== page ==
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Human factors in forklift driving – how to keep operators safe

Forklifts are driven in environments which can be challenging for the operator, both physically and mentally. Employers (PCBUs) must take measures to reduce the impact of these.

Industrial noise

WorkSafe’s recommendation for the maximum average noise exposure in an 8-hour day is 85 dBA with a peak sound pressure level of 140 dB. If an operator wears hearing protection, it reduces the perceived volume by around 20-30 dB (depending on the hearing protection). The hearing protection should have a label or sticker either on it or on the packaging that states the class (e.g. class 5) and what sound dBA level it’s suitable for. For example, suitable for 110 dBA Leq (8 hours), meaning the hearing protection is good for around 25 dB noise reduction as it takes 110 dBA down to 85 dBA.

Reversing alarms can be as loud as 97 dB because they need to cut through the noise of a warehouse or factory. This is more than twice as loud as 85 dB (10 dB = doubling the perceived volume), plus they tend to be at a frequency where they are perceived even louder (around 1 kHz). If there are multiple forklifts working together, each forklift can add 2-3 dB to the overall volume level (twice the sound power = +3 dB).

Ensure forklift drivers use hearing protection, if required.

Temperature and environment

Depending on the type of forklift, where the forklift is being driven and what the business does, there could be multiple different types of atmospheric pollutants and airborne particles, such as fumes from the fuel source, pollen, dust from driving or business operations, etc. The weather could be snowing, windy, raining, hailing or sleet, with extremes of hot and cold. Sunburn and dehydration can be an issue.

Use closed-cab forklifts with pollen filter outside where possible, and ensure operators use the correct PPE and stay hydrated.


Shift work affects people in different ways. Studies show that shift workers struggle with tiredness due to sleep disturbance. Fatigue management training can help you identify whether employees are suffering from fatigue and to develop strategies that help mitigate the effects of fatigue.

Schedule rest breaks and make sure operators adhere to them

Dangerous goods and hazardous substances

If an operator is moving hazardous goods, including loading and unloading, then they need to have, at minimum, a dangerous goods handler qualification. If you have a spill kit, then spill kit training should be included and refreshed every 2 years. If you use LPG forklifts, operators must have training how to change a forklift LPG cylinder.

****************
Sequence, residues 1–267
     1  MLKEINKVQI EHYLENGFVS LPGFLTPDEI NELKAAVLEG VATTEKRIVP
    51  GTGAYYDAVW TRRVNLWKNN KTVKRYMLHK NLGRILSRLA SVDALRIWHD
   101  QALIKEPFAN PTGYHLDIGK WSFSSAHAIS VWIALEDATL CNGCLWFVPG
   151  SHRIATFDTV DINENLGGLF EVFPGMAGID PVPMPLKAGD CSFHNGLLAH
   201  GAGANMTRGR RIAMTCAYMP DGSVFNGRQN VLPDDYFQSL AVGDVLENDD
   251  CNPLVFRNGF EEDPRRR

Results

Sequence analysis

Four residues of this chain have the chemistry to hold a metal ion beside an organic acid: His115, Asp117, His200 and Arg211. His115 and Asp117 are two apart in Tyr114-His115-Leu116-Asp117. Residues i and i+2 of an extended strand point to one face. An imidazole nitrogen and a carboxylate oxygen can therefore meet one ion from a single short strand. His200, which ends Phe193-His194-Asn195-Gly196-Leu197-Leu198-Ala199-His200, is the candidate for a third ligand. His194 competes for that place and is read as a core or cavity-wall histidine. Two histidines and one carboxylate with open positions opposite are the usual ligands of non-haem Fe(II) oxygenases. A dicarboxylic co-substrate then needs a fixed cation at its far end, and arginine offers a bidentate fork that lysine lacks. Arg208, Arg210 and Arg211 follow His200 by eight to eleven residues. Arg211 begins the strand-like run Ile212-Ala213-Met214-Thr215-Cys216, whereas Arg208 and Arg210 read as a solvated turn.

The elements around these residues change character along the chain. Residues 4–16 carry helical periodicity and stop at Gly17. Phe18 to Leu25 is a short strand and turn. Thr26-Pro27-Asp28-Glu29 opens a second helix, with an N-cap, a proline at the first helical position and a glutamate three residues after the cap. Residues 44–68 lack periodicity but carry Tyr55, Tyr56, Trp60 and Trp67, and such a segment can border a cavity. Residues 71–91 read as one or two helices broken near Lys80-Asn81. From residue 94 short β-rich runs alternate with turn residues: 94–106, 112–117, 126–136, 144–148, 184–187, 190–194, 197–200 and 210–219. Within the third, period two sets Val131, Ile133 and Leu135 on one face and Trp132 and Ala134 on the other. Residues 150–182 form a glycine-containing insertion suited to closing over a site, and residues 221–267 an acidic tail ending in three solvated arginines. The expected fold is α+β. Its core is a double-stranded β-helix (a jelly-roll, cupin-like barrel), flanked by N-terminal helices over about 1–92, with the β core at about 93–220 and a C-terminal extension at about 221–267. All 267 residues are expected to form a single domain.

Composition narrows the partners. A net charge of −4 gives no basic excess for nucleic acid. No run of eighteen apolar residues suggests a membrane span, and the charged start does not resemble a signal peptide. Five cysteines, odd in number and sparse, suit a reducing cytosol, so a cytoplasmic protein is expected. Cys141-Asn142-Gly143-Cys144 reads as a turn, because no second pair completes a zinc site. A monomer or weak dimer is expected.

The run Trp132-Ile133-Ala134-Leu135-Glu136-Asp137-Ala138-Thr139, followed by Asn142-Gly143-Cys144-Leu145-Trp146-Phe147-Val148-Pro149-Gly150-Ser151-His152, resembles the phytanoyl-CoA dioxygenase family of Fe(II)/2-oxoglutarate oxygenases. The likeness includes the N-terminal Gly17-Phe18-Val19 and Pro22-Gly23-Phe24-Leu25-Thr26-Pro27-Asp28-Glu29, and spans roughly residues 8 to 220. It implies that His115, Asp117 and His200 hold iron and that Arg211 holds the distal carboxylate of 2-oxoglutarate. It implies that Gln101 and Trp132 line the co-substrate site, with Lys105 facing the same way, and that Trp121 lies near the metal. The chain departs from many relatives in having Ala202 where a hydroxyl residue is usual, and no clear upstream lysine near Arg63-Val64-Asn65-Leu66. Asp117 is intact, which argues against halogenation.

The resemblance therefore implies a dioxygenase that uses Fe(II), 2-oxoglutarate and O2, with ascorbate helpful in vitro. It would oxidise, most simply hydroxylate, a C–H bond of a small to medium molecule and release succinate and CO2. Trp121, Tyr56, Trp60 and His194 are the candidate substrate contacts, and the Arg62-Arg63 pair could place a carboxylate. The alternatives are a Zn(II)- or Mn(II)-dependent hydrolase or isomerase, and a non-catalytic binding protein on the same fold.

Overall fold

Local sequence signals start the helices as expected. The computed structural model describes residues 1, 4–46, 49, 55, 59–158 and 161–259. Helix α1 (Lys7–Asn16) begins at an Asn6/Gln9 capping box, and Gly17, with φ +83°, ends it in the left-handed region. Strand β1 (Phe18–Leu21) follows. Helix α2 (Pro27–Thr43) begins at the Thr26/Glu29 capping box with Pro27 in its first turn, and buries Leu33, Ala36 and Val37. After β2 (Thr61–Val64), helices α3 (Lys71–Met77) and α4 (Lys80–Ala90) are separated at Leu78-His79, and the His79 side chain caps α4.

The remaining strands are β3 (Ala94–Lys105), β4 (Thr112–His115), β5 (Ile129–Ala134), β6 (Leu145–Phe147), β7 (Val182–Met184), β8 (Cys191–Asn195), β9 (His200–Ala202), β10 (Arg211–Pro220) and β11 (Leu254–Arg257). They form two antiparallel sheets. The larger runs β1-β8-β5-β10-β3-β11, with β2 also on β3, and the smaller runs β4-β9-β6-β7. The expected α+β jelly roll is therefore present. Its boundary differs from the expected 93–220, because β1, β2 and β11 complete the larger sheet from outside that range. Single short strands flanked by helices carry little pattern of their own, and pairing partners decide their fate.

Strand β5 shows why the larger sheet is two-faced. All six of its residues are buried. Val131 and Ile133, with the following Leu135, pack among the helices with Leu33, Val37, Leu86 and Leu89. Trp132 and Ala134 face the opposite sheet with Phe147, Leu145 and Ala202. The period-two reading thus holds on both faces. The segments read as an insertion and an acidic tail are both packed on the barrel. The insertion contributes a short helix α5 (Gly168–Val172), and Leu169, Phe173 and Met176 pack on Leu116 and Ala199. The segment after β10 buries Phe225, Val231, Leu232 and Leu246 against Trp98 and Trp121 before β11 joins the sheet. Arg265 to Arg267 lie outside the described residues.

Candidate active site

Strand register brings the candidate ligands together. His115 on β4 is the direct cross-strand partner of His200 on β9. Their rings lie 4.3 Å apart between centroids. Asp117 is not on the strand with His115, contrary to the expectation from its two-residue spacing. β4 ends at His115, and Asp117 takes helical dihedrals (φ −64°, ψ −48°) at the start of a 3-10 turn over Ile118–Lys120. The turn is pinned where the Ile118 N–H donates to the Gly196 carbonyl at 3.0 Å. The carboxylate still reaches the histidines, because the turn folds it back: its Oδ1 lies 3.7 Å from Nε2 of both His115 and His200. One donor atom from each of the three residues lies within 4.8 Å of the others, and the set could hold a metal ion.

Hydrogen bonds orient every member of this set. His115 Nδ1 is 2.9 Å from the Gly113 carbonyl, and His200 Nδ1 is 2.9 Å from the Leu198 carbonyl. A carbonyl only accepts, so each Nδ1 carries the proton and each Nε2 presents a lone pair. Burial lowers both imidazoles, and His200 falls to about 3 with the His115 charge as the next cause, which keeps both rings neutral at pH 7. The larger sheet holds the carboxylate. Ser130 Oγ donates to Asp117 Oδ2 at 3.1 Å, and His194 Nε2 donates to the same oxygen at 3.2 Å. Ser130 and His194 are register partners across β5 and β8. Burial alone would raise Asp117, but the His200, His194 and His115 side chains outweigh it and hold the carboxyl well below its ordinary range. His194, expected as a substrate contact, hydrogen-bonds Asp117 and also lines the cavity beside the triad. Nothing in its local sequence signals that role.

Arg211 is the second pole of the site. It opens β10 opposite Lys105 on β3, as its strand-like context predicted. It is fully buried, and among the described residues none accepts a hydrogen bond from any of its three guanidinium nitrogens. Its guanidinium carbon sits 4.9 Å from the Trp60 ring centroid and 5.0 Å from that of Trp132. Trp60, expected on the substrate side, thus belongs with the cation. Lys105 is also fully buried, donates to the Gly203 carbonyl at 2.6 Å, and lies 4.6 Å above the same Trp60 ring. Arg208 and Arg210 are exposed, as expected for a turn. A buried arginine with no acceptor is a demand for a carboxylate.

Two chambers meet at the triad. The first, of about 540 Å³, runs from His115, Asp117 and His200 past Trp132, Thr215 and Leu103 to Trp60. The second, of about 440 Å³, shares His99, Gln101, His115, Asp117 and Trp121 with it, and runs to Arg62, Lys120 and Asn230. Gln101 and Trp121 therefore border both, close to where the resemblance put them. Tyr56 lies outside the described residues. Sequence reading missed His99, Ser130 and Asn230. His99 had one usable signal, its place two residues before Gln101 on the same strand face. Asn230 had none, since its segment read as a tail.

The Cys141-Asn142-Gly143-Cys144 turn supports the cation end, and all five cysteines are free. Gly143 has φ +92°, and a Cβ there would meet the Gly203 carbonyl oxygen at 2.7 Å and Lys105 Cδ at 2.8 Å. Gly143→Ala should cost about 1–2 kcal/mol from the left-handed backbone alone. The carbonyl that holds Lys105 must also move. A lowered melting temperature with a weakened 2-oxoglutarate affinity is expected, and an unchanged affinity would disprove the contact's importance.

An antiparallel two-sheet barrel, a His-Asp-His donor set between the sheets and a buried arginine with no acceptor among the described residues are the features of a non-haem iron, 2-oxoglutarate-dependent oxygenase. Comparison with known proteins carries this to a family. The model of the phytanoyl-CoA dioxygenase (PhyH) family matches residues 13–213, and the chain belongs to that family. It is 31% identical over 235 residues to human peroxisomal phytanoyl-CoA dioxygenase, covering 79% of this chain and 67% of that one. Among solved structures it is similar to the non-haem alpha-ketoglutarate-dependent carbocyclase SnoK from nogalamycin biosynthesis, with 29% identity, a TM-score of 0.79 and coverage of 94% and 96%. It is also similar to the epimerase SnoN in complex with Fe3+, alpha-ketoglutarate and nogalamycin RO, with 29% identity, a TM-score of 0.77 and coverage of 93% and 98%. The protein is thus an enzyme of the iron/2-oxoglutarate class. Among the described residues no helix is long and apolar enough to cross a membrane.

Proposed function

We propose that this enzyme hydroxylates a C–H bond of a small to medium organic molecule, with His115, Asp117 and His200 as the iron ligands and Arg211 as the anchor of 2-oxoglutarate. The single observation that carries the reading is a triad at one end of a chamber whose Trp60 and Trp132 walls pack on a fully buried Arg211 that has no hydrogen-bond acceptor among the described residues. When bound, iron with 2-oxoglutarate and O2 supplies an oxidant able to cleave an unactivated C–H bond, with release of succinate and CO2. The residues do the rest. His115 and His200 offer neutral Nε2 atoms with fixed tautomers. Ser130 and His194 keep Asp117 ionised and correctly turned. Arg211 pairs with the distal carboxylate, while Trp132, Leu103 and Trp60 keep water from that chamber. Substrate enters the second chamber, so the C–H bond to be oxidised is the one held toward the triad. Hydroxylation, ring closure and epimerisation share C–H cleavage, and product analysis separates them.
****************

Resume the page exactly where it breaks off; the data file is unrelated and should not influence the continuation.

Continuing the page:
Operators must be trained if they are exposed to dangerous goods

Visibility and eyesight

Eyesight adjustment can reduce visibility when an operator drives from inside to outside and vice versa. An operator’s pupils need to adjust to let the right amount of light in, and this can take several minutes; the older an operator is, the longer it takes.

Operators should use sunglasses when outside. Ensure lighting is adequate at door thresholds. Implement systems to warn other people that a forklift is entering or exiting a building


Time pressures due to scheduling can increase the risk of accidents due to stress factors. Operators may need additional training or practice if they are under-performing in relation to their peers.

Schedules should be realistic. Take time to understand an operator’s personal challenges.

Musculoskeletal and physical impacts

Driving a forklift outside often means a bumpy ride on a machine with little or no suspension. Poor posture can cause back and hip pain. Neck strain can happen if operators are looking up all the time at high racking. Manual handling of boxes can cause back strain.

Ensure operators are practicing safe manual handling techniques and take breaks where they can stretch. Check the seat on the forklift is in good conditions

Drugs and alcohol

Some people may have dependencies on legal or illegal drugs. Some prescription medications can affect a person’s reactions and shouldn’t be used when driving.

Have clear policies and education processes around drug and alcohol use. Use random testing if you are concerned.

Diet and hydration

Dehydrated operators have a higher risk of accidents. Poor nutrition causes fatigue. Check out this diet and nutrition course for machine operators.

Ensure that water is readily available in the workplace. Encourage healthy eat.

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Darren has written over 3000 articles about driving and vehicles, plus almost 500 vehicle reviews and numerous driving courses. Connect with him on LinkedIn by clicking the name above

Posted in Advice, Driver health, Forklift